RIP Terry Callier

The world lost a beautiful man this week.

If we get a choice, my heaven’s going to sound like this.

(This version of Holdin’ On is from the ’70s as you can tell from the arrangement – the live version of TimePeace is around five years old.)


Break Up

A melancholy post for a misty October weekend…

This is Marty, one of my novel’s two main characters – the section comes around two thirds of the way through the book. It may or may not be helpful to know Marty’s band is called The Rain.

It was the day before we were due to fly to America and I was alone in the flat trying to pack. My mouth tasted like something was rusting inside after the pre-tour shenanigans the night before. I stuck a hand in GG’s jacket, the black leather one we’d bought when Rain Storm was released. She always had gum. I came out with an Empty Marlboro packet. Tunes wrappers. A tissue covered in purple lipstick smudges. And a flyer from one of our gigs with handwriting on the back.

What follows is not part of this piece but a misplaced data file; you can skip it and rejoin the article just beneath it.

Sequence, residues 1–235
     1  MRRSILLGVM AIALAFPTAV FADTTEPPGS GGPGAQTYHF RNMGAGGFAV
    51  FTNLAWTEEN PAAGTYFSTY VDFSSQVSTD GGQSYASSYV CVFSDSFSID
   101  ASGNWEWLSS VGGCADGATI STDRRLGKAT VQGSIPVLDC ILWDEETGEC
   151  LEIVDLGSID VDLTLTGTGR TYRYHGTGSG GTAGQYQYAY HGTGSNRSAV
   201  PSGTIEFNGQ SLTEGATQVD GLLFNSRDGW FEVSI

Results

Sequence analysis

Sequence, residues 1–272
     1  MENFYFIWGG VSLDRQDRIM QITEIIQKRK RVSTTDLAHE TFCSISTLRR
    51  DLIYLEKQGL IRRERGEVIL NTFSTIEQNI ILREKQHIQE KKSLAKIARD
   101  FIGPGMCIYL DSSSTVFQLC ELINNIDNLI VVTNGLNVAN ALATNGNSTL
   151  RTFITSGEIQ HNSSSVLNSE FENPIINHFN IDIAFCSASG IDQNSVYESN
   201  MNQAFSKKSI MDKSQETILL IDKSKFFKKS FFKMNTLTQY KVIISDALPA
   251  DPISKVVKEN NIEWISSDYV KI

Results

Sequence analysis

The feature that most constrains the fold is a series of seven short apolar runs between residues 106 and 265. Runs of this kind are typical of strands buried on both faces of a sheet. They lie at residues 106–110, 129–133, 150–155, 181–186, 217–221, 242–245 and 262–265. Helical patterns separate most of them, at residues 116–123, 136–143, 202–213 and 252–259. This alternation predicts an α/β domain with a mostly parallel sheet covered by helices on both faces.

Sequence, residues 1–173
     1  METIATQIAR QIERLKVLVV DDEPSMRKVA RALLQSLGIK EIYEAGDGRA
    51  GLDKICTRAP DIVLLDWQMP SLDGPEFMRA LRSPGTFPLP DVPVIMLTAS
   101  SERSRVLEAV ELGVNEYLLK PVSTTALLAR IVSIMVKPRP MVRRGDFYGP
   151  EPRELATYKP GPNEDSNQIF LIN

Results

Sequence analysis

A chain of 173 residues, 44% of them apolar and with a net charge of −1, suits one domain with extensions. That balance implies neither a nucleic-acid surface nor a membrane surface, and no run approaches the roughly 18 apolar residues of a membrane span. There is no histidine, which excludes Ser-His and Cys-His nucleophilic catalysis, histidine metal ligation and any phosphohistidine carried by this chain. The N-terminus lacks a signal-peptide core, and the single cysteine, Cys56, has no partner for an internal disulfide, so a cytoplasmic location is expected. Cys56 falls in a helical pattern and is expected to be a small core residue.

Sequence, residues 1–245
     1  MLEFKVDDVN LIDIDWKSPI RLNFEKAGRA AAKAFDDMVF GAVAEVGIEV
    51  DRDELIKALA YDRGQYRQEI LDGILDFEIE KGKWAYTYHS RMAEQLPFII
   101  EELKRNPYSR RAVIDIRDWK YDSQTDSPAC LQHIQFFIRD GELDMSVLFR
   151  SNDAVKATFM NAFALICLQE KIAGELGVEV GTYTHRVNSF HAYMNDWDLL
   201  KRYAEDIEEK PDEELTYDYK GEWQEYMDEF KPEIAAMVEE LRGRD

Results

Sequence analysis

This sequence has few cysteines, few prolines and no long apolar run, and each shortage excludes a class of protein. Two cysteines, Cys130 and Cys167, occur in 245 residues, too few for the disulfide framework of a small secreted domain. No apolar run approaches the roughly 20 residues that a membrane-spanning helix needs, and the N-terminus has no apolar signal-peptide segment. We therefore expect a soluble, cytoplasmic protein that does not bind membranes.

You taste of rain.

The words did some dancing. I stared at fingers that seemed to be mine and seemed to be shaking. The writing, very clearly, was Nick’s.

I hadn’t kissed GG properly in months. But her lips weren’t for sharing.

I hadn’t wanted to touch her for months. But I couldn’t bear being without her presence.

GG wasn’t a partner, she was a limb. Without her. Without her. I tried to think of one basic thing I could do without her. Potentially clean my teeth but fuck all else.

I opened the cupboard where the drink lurked, waiting to ambush. I poured Jack into a pint glass, sat in the swivel chair in the window and toasted the guy in the opposite flat who wasn’t there. Then I texted HOME to GG’s phone, turned mine off and waited.

Outside it was pouring in sympathy. Drops like fat slugs slimed their greasy way down the unwashed windows. 5pm on a Thursday and the world was crying.